The Zika virus is a virus transmitted through mosquito bites. People with Zika virus infection usually do not experience symptoms or only feel mild symptoms.
The virus was first discovered in a monkey in the Zika Forest, Uganda, in 1947. In 1952, the first humans were found to be infected with the Zika virus in Uganda and the Republic of Tanzania.
The Zika virus belongs to the flavivirus group, which is the same family of viruses as the virus that causes dengue fever and Chikungunya.
Zika Virus Origin: Name, Year, and Animal
Zika Virus Causes
The Zika virus is transmitted through the Aedes aegypti and Aedes albopictus mosquitoes. The same species of mosquitoes as the mosquito species that transmits dengue fever and Chikungunya.
These mosquitoes are active during the day and live and breed in areas where there are puddles. The process of transmission begins when the mosquito sucks blood from an infected person, then transmits the virus to others through bites.
In addition to mosquito bites, the Zika virus can be transmitted through blood transfusions and se**x. The virus can also be passed down from the pregnant woman to the fetus in the womb.
Zika virus can be found in breast milk, but there have been no reports of Zika virus transmission through the breastfeeding process. Therefore, mothers who are breastfeeding are generally recommended to keep breastfeeding their baby even if the mother has been infected, stayed, or traveled to areas prone to virus transmission.
Zika Virus Risk Factors
There are several factors that can increase a person’s risk of Zika virus, among others:
- Unsafe inter**course.
- Visit infected countries, mostly in Central, South America, and Oceania.
Zika Virus Symptoms
The symptoms of Zika disease can resemble symptoms of dengue and Chikungunya, and can last several days to a week.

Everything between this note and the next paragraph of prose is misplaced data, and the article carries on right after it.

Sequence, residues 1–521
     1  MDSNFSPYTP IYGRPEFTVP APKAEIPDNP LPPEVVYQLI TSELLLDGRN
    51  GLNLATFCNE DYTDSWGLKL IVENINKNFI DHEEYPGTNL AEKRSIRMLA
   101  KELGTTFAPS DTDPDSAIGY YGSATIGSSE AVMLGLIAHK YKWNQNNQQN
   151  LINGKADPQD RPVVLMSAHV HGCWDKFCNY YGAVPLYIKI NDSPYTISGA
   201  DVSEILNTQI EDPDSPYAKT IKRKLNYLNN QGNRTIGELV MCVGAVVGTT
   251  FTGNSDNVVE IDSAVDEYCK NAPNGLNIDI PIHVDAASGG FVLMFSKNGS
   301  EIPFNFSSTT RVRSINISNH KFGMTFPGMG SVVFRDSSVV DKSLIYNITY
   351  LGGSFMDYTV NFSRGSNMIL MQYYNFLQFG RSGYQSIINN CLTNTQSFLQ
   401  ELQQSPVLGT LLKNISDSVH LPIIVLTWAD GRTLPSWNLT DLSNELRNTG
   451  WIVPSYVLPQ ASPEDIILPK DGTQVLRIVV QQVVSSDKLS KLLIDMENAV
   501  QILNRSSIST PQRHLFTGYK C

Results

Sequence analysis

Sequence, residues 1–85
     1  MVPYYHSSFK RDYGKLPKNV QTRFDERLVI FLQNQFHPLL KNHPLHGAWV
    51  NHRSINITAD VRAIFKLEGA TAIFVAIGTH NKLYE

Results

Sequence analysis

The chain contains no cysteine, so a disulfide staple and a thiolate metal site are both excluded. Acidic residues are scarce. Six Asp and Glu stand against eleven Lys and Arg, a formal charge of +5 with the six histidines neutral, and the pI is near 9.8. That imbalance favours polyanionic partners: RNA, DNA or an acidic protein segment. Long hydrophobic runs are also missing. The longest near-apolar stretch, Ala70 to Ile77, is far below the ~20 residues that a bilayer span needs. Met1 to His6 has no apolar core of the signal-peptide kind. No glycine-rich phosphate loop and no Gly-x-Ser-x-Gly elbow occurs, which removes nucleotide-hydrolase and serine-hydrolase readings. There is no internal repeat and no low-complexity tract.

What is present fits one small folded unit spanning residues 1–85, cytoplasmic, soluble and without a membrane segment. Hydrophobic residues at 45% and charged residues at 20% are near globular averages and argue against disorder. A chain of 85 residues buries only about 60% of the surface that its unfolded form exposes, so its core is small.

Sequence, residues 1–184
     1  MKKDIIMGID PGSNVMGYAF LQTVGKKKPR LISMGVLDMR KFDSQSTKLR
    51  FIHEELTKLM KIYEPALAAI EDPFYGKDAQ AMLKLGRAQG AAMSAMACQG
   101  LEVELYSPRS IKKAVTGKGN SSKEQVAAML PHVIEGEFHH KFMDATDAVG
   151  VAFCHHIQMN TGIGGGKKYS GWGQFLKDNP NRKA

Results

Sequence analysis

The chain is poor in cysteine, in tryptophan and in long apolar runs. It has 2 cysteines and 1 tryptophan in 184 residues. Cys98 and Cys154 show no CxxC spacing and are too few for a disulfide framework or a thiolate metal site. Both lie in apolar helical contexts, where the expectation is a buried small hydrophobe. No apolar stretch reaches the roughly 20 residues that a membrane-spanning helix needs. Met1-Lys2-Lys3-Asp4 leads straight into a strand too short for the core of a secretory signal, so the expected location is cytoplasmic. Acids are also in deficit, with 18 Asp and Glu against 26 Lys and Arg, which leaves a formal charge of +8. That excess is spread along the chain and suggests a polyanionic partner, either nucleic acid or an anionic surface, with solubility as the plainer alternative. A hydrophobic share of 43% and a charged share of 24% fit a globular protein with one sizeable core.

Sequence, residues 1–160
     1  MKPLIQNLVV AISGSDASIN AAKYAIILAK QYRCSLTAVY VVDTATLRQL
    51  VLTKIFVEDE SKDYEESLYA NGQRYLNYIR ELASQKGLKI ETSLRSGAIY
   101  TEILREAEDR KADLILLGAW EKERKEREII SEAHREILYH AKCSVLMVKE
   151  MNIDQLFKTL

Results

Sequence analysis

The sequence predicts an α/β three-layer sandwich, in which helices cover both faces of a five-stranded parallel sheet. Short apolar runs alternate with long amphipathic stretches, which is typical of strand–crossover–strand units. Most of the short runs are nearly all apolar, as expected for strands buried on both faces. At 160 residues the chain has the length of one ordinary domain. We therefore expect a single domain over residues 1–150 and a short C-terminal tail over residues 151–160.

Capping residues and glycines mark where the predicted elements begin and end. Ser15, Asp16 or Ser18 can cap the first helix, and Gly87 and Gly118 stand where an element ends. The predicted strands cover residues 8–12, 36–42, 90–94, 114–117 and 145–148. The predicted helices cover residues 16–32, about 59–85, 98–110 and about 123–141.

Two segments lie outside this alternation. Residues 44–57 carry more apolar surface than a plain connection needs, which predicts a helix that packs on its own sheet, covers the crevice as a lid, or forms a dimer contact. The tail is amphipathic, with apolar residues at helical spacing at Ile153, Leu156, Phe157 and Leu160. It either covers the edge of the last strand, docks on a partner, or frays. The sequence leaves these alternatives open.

In addition to the common symptoms above, other symptoms of the Zika virus found are headache, pain behind the eyes, and fatigue. These symptoms are generally mild and last up to about a week.
Zika Virus Diagnosis Test
To diagnose the Zika virus, the doctor will ask about the health history and symptoms felt by a person. The doctor will also ask if he had ever visited an infected country and what activities are carried out. This is done to help narrow the diagnosis because the symptoms of the Zika virus are quite similar to other diseases, such as dengue and Chikungunya.
Blood and urine tests will also be carried out. For pregnant women, the doctor may perform any follow-up examinations, such as:
- Pregnancy ultrasound to detect microcephaly or other brain abnormalities in the fetus.
- Amniocentesis is carried out by inserting a perforated needle into the uterus to take a sample of amniotic fluid. This procedure is carried out to detect whether there is Zika virus in it or not.
Zika Virus Treatment
Treatment of the Zika virus is focused on reducing the symptoms felt by patients because vaccines as well as cure drugs for the disease have not been found.
Treatment of the symptoms can be fluid administered to prevent dehydration, pain relievers to relieve fever and headache, and adequate rest.
The use of aspirin and other nonsteroidal anti-inflammatory drugs are not recommended before the possibility of patients getting dengue can be eliminated.
Patients who have been infected with the Zika virus are expected to avoid mosquito bites during contracting the virus because the Zika virus that can last a long time in the blood of the sufferer can spread to others through mosquito bites.
How to avoid the Zika virus
There is no vaccine yet that can prevent the Zika virus. Using DEET-containing insect repellent (which protects against mosquitoes carrying the Zika virus) can help, as can taking precautions, such as wearing long-sleeved clothing, trousers, and installing mosquito net or gauze on windows.